The existence of the euro is threatened and its collapse could inflect vast damage on the world, yet European leaders aren't foing enough to stop it, economist Paul Krugman writes in The New York Times.
Europe's rescue attempts are doomed to fail, according to Krugman, without more expansionary fiscal and monetary policies in Europe's stronger economies.
Instead, the Europeans have offered stop-gap financing and imposed severe austerity measures to slash public spending in debtor nations.
That won't work in Greece, which has more debt than it can realistically repay, and probably won't work for Ireland and Portugal either, Krugman predicts. It might work in Spain and Italy – if leaders make the right decisions.
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Private demand has plummeted, and public-sector spending has been severely cut. That leave exports, especially to other European countries, as the only way Greece and other debtor countries can return to economic health.
"But exports can't boom if creditor countries are also implementing austerity policies, quite possibly pushing Europe as a whole back into recession," Krugman writes.
The solution is to create inflation in stronger European countries, namely Germany, he argues. If debtor countries had low or zero inflation, they could cut their prices and costs relatively to stronger nations with higher inflation.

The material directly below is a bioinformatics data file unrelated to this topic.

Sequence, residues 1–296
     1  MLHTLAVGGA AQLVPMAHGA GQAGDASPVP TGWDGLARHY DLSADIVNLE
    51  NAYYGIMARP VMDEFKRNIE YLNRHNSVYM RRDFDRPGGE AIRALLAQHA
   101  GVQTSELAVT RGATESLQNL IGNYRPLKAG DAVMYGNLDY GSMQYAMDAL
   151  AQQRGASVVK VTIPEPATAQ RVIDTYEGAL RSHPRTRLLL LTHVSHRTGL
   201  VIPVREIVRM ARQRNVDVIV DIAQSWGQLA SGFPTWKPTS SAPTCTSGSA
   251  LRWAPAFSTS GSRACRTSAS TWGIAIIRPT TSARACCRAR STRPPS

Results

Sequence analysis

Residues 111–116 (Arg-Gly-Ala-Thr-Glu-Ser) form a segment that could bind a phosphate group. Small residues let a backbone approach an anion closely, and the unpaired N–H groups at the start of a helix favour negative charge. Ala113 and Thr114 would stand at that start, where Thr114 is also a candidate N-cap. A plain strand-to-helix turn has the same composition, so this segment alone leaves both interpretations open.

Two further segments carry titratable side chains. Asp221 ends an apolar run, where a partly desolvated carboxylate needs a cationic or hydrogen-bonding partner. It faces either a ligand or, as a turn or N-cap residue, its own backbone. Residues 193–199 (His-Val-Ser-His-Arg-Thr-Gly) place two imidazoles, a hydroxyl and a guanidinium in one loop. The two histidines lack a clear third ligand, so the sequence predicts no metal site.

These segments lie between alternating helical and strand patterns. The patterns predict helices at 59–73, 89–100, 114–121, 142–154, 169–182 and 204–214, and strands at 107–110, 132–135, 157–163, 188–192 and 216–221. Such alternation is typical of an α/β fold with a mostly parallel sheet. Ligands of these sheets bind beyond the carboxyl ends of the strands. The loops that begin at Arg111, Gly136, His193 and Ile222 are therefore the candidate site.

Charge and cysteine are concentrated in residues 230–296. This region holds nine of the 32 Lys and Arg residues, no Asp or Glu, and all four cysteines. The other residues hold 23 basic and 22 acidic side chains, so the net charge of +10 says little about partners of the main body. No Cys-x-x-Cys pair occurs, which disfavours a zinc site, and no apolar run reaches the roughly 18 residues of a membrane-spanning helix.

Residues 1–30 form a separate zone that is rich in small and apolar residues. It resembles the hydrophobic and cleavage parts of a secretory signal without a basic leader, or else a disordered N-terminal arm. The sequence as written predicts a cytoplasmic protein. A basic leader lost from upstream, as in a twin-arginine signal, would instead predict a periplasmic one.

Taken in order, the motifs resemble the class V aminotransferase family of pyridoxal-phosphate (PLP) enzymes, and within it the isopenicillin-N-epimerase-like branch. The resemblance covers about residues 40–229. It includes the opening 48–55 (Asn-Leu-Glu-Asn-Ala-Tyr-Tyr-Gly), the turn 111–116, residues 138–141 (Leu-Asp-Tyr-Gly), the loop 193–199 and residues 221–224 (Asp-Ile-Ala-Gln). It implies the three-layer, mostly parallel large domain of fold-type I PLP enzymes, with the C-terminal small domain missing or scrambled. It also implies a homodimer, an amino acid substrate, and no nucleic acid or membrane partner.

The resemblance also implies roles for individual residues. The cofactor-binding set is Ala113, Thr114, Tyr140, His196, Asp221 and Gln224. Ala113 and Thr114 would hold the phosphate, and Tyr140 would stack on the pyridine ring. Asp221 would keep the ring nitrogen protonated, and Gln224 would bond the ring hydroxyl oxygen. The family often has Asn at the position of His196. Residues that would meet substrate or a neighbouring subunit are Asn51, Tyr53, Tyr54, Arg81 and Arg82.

"But the European Central Bank," he writes, "has a deflationary bias – it made a terrible mistake by raising interest rates in 2008 just as the financial crisis was gathering strength and showed that it has learned nothing by repeating that mistake this year."
So the market expects low inflation in Germany and that, he says, means peripheral countries will see deflation that will worsen their recessions and increase their debt burdens, ensuring that rescue efforts will fail.
Stock markets responded positively to the latest efforts of European leaders to control the crisis. Under one proposal, private lenders with Greek bonds would take bigger losses, which would help Greece cut its debt, according to the Associated Press.
"For now at least, it looks as if markets are giving some credence to a firm plan on how to tackle the debt crisis beginning to emerge," Ben Critchley, a sales trader with IG Index, told the AP. "But if recent experience is anything to go by, this patience is unlikely to last too long if details are not forthcoming."
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